In India, Father Christmas or Santa Claus is held to be the giver of presents to children from a horse and cart. As in the U.S., he is believed to deliver presents at the house of every kid who behaves well during the whole year. Santa Claus is known as 'Christmas Baba' in Hindi and 'Christmas Thaathaa' in Tamil.
This comes from www.wikihow.com . These are really a neat looking idea to hang on your tree or at your annual holiday Christmas party. Make alot or a little.
This is a little more complicated than a two-dimensional paper snowflake, but it looks beautiful and is a suitable craft for children adept with scissors and patient in making crafts. It will produce a 6-armed three-dimensional snowflake decoration that makes a perfect tree decoration or window-hanger.
Assemble the materials. You can See the "Things You'll Need", are at the bottom of the page.
In Russia, Christmas is annually celebrated on January 7th, thanks to the Russian Orthodox Church that has made it an official holiday in the country. Previously the occassion was observed on December 25th in much the same way as it was in the rest of the world, complete with Christmas trees and Christmas gifts, Saint Nicholas and the like. But after the 1917 Revolution, Christmas was banned throughout Russia, along with other religious celebrations. It was much much later, in 1992, that the holiday began to be openly observed again. However, the church in Russia still uses the old Julian calendar which is 13 days behind the Gregorian calendar used in the Western nations. This is why, Christmas is celebrated in Russia on January 7th. But these days, a few Russians have begun to celebrate Christmas on the 25th of December.
|A Christmas tree in Red Square|
Today, Christmas is celebrated in the country in a grand fashion, with the faithful participating in an all-night Mass in Cathedrals. The main religion in Russia is called Russian Orthodox. The Russian Orthodox Church is more than one thousand years old and most of the Christian population in the country belong to it. In Russia, many people don’t eat meat, eggs or milk from a few weeks before Christmas and it is customary to fast until after the first church service on Christmas Eve. Christmas Eve dinner is meatless but festive. The menu usually depends on the wealth of the families. A typical Christmas dinner however, includes delicacies such as hot roast Pirog (Russian pies made out of meat or cabbage), and Pelmeni (meat dumplings). The most important ingredient is a special porridge called kutya. The traditional ingredients that go in its preparation are wheatberries (or other grains which symbolize hope and immortality), and honey and poppy seeds which ensure happiness, success and peace. The kutya is eaten from a common dish to symbolize unity.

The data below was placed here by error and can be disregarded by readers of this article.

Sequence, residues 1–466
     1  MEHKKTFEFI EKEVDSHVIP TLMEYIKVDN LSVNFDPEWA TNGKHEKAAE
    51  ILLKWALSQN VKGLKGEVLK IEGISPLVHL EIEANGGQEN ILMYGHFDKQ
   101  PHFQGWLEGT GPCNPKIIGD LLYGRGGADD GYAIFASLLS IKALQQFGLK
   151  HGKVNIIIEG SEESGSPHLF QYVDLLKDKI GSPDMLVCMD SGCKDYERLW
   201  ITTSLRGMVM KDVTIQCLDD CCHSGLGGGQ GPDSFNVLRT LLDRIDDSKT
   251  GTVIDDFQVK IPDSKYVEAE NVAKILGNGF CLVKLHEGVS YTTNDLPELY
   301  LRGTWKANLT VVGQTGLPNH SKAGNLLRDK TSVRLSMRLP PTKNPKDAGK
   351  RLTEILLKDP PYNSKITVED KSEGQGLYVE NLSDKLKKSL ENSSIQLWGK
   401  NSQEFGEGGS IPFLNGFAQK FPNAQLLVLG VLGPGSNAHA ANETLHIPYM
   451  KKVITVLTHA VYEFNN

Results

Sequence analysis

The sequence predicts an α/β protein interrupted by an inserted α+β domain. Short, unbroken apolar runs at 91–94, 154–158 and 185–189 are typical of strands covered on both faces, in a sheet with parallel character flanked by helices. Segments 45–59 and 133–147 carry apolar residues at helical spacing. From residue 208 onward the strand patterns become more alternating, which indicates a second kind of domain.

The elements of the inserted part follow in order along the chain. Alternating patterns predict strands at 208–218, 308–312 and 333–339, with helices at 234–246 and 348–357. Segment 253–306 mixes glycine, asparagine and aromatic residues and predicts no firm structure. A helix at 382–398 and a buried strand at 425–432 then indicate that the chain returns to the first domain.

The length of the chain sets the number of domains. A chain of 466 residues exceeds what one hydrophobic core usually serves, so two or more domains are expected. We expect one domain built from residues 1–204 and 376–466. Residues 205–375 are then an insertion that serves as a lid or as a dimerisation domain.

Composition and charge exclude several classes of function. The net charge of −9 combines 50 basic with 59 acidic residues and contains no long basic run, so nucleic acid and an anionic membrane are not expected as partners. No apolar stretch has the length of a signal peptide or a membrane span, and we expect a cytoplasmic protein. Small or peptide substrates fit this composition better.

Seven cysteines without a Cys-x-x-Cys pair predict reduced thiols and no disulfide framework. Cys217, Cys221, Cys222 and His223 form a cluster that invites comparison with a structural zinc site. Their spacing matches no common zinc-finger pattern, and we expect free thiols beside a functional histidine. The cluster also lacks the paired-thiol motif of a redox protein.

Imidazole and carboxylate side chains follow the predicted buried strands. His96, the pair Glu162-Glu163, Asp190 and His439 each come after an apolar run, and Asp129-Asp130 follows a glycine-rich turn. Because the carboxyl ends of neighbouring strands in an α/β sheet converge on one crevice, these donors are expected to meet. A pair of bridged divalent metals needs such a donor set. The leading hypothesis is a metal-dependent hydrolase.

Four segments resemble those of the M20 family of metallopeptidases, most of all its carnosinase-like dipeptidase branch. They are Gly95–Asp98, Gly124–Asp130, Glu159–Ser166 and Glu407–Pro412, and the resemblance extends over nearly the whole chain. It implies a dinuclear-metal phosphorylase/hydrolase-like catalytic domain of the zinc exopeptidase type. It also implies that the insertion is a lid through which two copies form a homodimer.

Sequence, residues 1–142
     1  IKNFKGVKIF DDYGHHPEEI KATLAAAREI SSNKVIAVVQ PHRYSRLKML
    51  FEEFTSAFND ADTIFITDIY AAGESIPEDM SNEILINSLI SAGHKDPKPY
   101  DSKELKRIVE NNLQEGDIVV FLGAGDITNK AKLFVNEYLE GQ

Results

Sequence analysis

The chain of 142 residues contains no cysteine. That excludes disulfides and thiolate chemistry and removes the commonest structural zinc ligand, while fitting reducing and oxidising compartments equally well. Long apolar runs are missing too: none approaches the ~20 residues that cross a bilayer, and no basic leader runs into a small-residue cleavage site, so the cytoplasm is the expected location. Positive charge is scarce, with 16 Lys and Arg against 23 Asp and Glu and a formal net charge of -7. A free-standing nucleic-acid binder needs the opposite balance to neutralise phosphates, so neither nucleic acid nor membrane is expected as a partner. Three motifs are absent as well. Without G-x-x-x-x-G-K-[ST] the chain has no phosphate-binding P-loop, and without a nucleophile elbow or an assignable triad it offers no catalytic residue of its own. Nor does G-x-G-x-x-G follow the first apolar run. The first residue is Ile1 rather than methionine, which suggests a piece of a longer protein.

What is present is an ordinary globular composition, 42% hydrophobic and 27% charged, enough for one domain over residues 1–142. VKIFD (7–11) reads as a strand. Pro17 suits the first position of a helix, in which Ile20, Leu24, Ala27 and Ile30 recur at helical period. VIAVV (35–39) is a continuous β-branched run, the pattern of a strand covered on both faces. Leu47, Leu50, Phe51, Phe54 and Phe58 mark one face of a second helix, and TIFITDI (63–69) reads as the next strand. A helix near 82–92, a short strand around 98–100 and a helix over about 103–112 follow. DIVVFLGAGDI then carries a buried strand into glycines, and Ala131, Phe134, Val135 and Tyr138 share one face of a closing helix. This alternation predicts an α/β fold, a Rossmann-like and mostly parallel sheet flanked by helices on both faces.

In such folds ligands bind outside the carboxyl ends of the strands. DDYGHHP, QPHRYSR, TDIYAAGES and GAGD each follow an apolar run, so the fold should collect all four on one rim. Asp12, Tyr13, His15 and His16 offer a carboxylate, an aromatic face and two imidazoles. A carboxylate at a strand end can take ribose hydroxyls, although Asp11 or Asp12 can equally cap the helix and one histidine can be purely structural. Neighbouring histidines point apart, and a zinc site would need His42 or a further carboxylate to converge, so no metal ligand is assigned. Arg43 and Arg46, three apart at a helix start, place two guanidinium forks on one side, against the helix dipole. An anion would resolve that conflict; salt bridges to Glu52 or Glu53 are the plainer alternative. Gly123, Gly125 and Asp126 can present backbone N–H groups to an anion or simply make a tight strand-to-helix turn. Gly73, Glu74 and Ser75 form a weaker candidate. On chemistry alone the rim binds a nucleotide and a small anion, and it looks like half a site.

A Christmas ceremony of great significance here is the blessing of individual homes. During Christmastime, a priest visits every home accompanied by boys carrying vessels of holy water. A little water is sprinkled in each room, which is believed to usher in happiness and fortune to them. Another popular custom here is that of young children going from house to house on the first day of Christmas carrying a star and singing carols and getting sweets from adults.
Russia celebrates a white Christmas what with the weather being very cold and snowy during this time and the temperature always dropping to minus degrees. .